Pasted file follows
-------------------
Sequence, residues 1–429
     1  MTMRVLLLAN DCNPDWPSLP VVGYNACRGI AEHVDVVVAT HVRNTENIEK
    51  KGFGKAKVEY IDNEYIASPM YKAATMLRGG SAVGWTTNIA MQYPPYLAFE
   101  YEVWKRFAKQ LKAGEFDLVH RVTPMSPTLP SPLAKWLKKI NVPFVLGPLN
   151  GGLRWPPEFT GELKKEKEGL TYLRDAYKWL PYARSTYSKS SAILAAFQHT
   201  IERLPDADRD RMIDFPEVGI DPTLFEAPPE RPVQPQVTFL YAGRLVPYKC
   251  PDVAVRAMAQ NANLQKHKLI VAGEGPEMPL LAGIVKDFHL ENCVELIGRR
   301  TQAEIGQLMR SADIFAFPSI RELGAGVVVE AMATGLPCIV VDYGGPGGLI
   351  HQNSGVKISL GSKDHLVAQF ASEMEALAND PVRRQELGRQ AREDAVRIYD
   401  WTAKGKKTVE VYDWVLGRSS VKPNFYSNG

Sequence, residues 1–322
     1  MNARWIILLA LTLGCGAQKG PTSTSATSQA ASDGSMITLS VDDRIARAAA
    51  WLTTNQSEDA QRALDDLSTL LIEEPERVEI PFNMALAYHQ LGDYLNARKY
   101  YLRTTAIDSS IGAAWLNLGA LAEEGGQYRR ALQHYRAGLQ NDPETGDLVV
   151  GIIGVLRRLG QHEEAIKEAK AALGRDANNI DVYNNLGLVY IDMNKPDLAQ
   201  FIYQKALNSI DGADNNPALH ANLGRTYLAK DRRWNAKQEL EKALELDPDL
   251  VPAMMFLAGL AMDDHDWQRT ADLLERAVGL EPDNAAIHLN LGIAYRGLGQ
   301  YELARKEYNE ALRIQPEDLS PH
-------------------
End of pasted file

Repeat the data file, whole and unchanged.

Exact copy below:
Sequence, residues 1–429
     1  MTMRVLLLAN DCNPDWPSLP VVGYNACRGI AEHVDVVVAT HVRNTENIEK
    51  KGFGKAKVEY IDNEYIASPM YKAATMLRGG SAVGWTTNIA MQYPPYLAFE
   101  YEVWKRFAKQ LKAGEFDLVH RVTPMSPTLP SPLAKWLKKI NVPFVLGPLN
   151  GGLRWPPEFT GELKKEKEGL TYLRDAYKWL PYARSTYSKS SAILAAFQHT
   201  IERLPDADRD RMIDFPEVGI DPTLFEAPPE RPVQPQVTFL YAGRLVPYKC
   251  PDVAVRAMAQ NANLQKHKLI VAGEGPEMPL LAGIVKDFHL ENCVELIGRR
   301  TQAEIGQLMR SADIFAFPSI RELGAGVVVE AMATGLPCIV VDYGGPGGLI
   351  HQNSGVKISL GSKDHLVAQF ASEMEALAND PVRRQELGRQ AREDAVRIYD
   401  WTAKGKKTVE VYDWVLGRSS VKPNFYSNG

Sequence, residues 1–322
     1  MNARWIILLA LTLGCGAQKG PTSTSATSQA ASDGSMITLS VDDRIARAAA
    51  WLTTNQSEDA QRALDDLSTL LIEEPERVEI PFNMALAYHQ LGDYLNARKY
   101  YLRTTAIDSS IGAAWLNLGA LAEEGGQYRR ALQHYRAGLQ NDPETGDLVV
   151  GIIGVLRRLG QHEEAIKEAK AALGRDANNI DVYNNLGLVY IDMNKPDLAQ
   201  FIYQKALNSI DGADNNPALH ANLGRTYLAK DRRWNAKQEL EKALELDPDL
   251  VPAMMFLAGL AMDDHDWQRT ADLLERAVGL EPDNAAIHLN LGIAYRGLGQ
   301  YELARKEYNE ALRIQPEDLS PH